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Google, Google, Google

It’s somewhat of a slow news day, at least when it comes to the search engines – they’re all in NYC for Search Engine Strategies. While we may hear some announcements later in the week, here are three Google items worth a quick look.

  1. Techdirt is spot on with their attack on the publishing industry’s claims that Google “stealing” their content. If publishers are so worried about this, go ahead and ban Google’s spiders from indexing your content. You’ll no longer have to worry about those pesky critters and the hundreds of millions of people that use Google each day! Let me know how that works out for ya!

Why O’Reilly’s Blogger’s Code of Conduct Must Die

If you’re a long time reader of Marketing Pilgrim, you’ll know my unease with anyone trying to define blogging; who should and shouldn’t blog; and, especially, talk of a “bloggers code of conduct.” So, you can imagine that my Monday morning is not off to a good start, when sipping my coffee I see Tim O’Reilly’s attempt to draft a code of conduct for bloggers.

Now, don’t get me wrong, I completely understand his intent. What happened to Kathy Sierra, is not an isolated incident, and perhaps bloggers should look at means to protect themselves (and others) from blog trolls looking for a fight. But, as I’ve said before, any attempts to define or restrict blogging, will ultimately suck the life out of it, and kill much of the momentum we have going on.

Jailed Blogger Finally Freed After Making Deal

We wanted to give you some good news on the continuing saga of jailed blogger Josh Wolf – he’s finally a free man.

According to CNET, Wolf agreed to hand over the video he had shot of an anarchist protest in San Francisco on July 8, 2005, and also answer two questions posed by prosecutors.

The questions were whether he knew the identity of the person who threw an object at the police car during the protest, and if he could identify the person that Officer Pete Shields, injured during the protest, was pursuing at the time. Wolf said he answered “no” to both. He agreed to answer the questions because “there was nothing to be given by them,” said.

Yahoo Click Fraud Suit Settled…Finally!

If you have a good memory, you’ll recall Yahoo’s sweet click fraud settlement deal, which would hold the company to just $5m in legal fees and a review of click fraud activity back to 2004. If you don’t have a good memory, that’s why we’re here!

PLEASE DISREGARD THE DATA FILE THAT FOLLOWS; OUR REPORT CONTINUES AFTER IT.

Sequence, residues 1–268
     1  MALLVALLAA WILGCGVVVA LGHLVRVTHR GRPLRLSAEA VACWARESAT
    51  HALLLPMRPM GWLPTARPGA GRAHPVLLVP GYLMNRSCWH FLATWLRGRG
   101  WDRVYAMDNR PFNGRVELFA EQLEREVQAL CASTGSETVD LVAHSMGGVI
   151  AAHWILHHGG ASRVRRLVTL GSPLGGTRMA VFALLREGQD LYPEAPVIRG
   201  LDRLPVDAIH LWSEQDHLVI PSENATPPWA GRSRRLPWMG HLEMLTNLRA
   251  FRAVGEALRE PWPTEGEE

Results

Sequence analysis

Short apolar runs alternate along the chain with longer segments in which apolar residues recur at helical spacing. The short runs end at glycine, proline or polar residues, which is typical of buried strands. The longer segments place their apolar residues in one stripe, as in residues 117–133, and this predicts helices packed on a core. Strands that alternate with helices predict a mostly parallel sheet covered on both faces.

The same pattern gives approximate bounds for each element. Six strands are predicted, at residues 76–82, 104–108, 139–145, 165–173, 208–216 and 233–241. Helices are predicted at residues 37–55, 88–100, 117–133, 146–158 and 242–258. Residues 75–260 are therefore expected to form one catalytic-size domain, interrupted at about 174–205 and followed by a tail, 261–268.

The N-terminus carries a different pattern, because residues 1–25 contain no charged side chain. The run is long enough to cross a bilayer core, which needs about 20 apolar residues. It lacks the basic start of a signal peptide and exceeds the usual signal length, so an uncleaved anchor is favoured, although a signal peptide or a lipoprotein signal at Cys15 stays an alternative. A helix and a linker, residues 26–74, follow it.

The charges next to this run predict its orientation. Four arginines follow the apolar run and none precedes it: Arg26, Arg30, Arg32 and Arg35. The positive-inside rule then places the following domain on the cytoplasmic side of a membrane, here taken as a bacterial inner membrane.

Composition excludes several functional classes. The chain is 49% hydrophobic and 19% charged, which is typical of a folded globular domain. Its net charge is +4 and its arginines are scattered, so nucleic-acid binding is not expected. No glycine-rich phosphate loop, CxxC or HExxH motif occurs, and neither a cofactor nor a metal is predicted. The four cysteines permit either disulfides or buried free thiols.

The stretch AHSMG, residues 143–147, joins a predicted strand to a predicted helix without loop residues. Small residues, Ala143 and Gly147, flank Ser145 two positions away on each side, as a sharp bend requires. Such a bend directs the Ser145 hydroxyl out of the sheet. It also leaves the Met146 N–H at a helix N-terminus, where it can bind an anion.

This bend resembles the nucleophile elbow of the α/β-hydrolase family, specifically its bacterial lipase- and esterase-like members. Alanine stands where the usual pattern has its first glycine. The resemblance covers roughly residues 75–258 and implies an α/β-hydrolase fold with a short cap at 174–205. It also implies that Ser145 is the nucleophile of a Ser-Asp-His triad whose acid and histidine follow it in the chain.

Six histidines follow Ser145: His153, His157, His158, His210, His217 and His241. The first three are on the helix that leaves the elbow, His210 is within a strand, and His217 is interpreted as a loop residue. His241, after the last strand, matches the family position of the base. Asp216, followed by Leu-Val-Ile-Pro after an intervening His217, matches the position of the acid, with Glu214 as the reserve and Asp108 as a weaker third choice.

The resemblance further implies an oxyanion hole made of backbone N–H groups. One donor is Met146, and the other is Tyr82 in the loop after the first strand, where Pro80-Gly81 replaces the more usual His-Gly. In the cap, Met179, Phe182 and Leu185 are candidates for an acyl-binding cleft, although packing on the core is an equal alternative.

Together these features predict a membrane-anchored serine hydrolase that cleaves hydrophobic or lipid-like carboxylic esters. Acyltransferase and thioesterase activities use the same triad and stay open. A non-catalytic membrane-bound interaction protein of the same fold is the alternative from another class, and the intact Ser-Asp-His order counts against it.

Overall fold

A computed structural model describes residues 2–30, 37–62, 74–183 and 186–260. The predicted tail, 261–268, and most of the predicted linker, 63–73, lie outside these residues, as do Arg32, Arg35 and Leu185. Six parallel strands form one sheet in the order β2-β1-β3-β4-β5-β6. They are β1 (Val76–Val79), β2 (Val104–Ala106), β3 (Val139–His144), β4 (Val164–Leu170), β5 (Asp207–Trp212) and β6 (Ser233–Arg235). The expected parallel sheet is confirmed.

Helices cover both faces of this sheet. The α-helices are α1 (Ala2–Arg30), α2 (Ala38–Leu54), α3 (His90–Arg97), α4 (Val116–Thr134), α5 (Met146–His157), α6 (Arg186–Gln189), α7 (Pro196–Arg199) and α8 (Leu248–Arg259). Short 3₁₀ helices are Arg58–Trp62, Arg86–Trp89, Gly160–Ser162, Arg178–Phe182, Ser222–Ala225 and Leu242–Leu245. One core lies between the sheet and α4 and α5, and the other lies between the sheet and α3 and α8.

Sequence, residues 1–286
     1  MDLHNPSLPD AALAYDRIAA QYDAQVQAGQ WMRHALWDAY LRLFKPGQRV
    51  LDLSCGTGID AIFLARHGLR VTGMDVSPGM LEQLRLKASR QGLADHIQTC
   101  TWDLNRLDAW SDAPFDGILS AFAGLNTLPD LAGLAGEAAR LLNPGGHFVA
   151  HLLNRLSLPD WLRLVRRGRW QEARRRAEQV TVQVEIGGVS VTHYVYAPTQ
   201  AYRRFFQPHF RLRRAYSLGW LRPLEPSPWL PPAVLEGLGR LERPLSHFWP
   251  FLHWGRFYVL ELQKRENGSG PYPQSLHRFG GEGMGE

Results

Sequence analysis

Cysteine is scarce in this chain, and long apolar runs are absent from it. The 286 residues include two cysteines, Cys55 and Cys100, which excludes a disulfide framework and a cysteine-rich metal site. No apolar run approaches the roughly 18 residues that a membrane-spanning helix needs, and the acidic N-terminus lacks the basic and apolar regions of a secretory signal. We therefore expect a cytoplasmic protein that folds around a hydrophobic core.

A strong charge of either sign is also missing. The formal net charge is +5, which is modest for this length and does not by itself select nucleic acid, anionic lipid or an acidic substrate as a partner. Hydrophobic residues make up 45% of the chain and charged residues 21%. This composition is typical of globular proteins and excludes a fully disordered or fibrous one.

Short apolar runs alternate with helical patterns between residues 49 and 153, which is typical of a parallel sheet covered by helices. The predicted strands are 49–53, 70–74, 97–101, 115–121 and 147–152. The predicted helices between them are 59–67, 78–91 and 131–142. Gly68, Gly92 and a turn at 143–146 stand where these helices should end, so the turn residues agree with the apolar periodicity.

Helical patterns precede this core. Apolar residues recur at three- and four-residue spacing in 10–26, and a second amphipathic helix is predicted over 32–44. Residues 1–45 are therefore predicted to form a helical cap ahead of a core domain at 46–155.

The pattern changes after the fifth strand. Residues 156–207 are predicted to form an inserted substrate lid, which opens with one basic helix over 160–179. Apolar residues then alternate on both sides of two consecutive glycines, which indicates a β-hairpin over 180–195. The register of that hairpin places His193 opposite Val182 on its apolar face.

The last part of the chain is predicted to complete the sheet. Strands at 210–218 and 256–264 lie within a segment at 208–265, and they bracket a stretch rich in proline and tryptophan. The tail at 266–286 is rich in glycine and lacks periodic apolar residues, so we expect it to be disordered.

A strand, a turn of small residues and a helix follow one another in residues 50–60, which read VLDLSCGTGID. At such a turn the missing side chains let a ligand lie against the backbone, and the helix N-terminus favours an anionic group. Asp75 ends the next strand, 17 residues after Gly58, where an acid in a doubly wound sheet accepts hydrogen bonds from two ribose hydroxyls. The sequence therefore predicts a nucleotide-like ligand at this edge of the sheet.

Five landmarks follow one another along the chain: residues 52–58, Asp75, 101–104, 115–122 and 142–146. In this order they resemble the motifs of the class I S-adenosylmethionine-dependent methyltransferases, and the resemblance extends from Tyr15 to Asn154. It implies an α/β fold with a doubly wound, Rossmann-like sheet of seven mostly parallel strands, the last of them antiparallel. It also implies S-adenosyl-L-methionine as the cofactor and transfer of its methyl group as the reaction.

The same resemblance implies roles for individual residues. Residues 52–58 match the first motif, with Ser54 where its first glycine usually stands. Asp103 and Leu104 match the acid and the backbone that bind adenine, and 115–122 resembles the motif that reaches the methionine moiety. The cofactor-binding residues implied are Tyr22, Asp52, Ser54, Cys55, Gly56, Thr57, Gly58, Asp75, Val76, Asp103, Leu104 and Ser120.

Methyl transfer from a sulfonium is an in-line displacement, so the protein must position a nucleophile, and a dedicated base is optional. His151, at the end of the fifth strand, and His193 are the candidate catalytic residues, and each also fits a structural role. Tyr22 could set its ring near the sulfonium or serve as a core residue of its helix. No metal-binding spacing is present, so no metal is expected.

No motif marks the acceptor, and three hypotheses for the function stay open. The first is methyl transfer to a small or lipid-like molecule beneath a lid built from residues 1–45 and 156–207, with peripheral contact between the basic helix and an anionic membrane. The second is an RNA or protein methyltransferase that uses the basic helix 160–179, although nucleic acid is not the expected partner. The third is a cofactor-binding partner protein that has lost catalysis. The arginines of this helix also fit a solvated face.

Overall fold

Anyway, the courts have made the settlement final – at a breathtaking pace of 9 months – and the settlement will stand, “as called on the field.”

EFF Sues Viacom to Prevent Abuse of DMCA

You already know that Viacom is suing YouTube for a gazillion dollars for copyright infringement, but now the cable company is facing a backlash over its careless use of the DMCA.

Nate Anderson reports the Electronic Frontier Foundation – a nonprofit group that looks to protect digital rights and free speech – is suing Viacom for its misuse of the Digital Millennium Copyright Act (DMCA).

Among thousands of DMCA takedown notices sent out, is one of a Stephen Colbert parody video that the EFF claims doesn’t violate any copyright laws.

The video does contain clips from “The Colbert Report,” but the EFF argues that these qualify as fair use, since parody has a well-recognized copyright exemption. “Our clients’ video is an act of free speech and a fair use of ‘Colbert Report’ clips,” said EFF staff attorney Corynne McSherry in a statement…

Google Wins KinderStart Case Again, Spanks Lawyer’s Butt

Google probably couldn’t have asked for a better ruling in the ongoing KinderStart law suit.

Not only did the judge throw out KinderStart’s most recent attempt to accuse Google of defamation – by reducing its PageRanl to zero – but the judge decided to give Google every opportunity to get some payback.

Judge Jeremy Fogel of the U.S. District Court for the Northern District of California dismissed a lawsuit against Google by parenting information site KinderStart…[he] also imposed yet-to-be-determined sanctions on KinderStart legal counsel Gregory Yu for making unsupported allegations against Google.

According to the judge’s ruling, “KinderStart had failed to explain how Google caused injury to it by a provably false statement … as distinguished from an unfavorable opinion about KinderStart.com’s importance.”

KinderStart’s legal counsel is probably looking for a change of diapers about now (sorry couldn’t resist the parenting pun)…

YouTube Banned by Turkey, Subpoenaed by Cuban

In case you missed it, the Turkish government banned YouTube from the entire country. One judicial decision and they flip a switch—bam. No more Lazy Sunday in Turkey. (I’m not being flip; apparently the ban really is that simple.) (Okay, I’m being flip about Lazy Sunday.)

The questionable video that prompted the decision, which criticized Turkey’s founder, has been removed from the site. Philipp Lenssen reports that YouTube is working to get back into Turkey. This is only natural since Turkey was one of their most profitable markets ;) .

As if that weren’t enough, Mark Cuban has subpoenaed YouTube/Google to get the identities of users who posted pirated versions of copyrighted works from his Magnolia Pictures.

He tells Reuters: